The organ transplant policy for pediatric patients is getting permanently tweaked thanks to a family’s successful fight to get a lung transplant for their dying 10-year-old daughter last spring, according to ABC News.
The Organ Procurement and Transplantation Network, which is under contract with the federal government to allocate organs, voted to allow children to be granted exceptions on a case-by-case basis to the so-called Under 12 Rule.
Normally, children under 12 who are waiting for a lung transplant are labeled “priority 1” or “priority 2,” and they get preferential treatment when child and adolescent lungs become available. Children younger than 12 only get offered adult lungs after they’ve been offered to other matching candidates over 12 based on an algorithm called the LAS, or lung allocation score.
The family of Sarah Murnaghan fought the Under 12 Rule last year, claiming it was discriminatory because Sarah could be offered adult lungs only after they were offered to other matching adults. The OPTN created a temporary rule exception policy because of this case.
“We know a lot of kids who are waiting and little people who are waiting,” said Sarah’s mother, Janet Murnaghan, at a news conference outside their Newtown Square, Pennsylvania home. “Just knowing that they’ll have greater access is a really amazing feeling.” Read the full details here:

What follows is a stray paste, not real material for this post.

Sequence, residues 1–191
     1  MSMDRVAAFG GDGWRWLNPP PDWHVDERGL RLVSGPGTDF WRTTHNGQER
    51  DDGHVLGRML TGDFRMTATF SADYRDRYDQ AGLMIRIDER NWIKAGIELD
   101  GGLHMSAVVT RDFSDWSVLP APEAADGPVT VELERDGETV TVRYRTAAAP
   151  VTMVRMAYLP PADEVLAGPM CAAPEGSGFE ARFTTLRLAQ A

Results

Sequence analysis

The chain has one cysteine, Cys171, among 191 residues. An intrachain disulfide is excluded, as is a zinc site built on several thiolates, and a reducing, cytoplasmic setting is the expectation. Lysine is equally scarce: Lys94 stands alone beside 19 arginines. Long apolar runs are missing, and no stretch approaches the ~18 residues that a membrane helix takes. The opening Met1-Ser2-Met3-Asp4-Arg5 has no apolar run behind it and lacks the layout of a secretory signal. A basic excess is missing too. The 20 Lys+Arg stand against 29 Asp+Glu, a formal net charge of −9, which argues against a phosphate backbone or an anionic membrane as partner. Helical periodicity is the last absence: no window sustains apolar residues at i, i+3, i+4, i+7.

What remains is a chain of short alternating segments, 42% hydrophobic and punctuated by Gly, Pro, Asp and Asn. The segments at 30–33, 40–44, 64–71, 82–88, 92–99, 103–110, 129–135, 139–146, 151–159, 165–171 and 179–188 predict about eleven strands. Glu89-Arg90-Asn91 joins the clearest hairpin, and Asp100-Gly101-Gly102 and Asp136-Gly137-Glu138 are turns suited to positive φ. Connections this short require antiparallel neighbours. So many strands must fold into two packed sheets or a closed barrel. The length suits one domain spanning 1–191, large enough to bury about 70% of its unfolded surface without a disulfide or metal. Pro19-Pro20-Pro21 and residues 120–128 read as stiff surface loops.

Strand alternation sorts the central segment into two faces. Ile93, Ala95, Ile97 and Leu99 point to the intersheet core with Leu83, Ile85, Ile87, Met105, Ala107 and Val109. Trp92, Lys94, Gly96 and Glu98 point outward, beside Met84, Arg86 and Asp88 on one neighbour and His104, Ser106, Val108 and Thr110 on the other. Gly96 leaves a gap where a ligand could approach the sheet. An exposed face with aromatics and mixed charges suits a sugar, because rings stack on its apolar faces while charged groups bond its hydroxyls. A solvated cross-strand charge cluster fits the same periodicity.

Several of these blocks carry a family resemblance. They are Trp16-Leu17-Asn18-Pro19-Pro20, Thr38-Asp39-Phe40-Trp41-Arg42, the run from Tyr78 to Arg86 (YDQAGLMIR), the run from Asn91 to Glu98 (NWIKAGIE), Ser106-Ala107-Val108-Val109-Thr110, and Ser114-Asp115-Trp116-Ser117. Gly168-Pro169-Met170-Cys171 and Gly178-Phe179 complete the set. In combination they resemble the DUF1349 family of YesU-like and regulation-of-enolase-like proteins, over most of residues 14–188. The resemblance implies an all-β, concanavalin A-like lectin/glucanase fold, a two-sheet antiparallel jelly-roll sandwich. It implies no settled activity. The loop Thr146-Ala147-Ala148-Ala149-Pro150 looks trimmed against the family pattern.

This article highlights a couple of things. First, medical policies or rules aren’t always correct or well-founded. Second, when you fight hard enough against unjust laws, you often can obtain a just result.
If you or your child have been injured due to medical malpractice, including a delay in diagnosis or treatment, please call to investigate your matter fully. Crandall & Pera Law is available to help answer your questions and guide you in determining your next steps.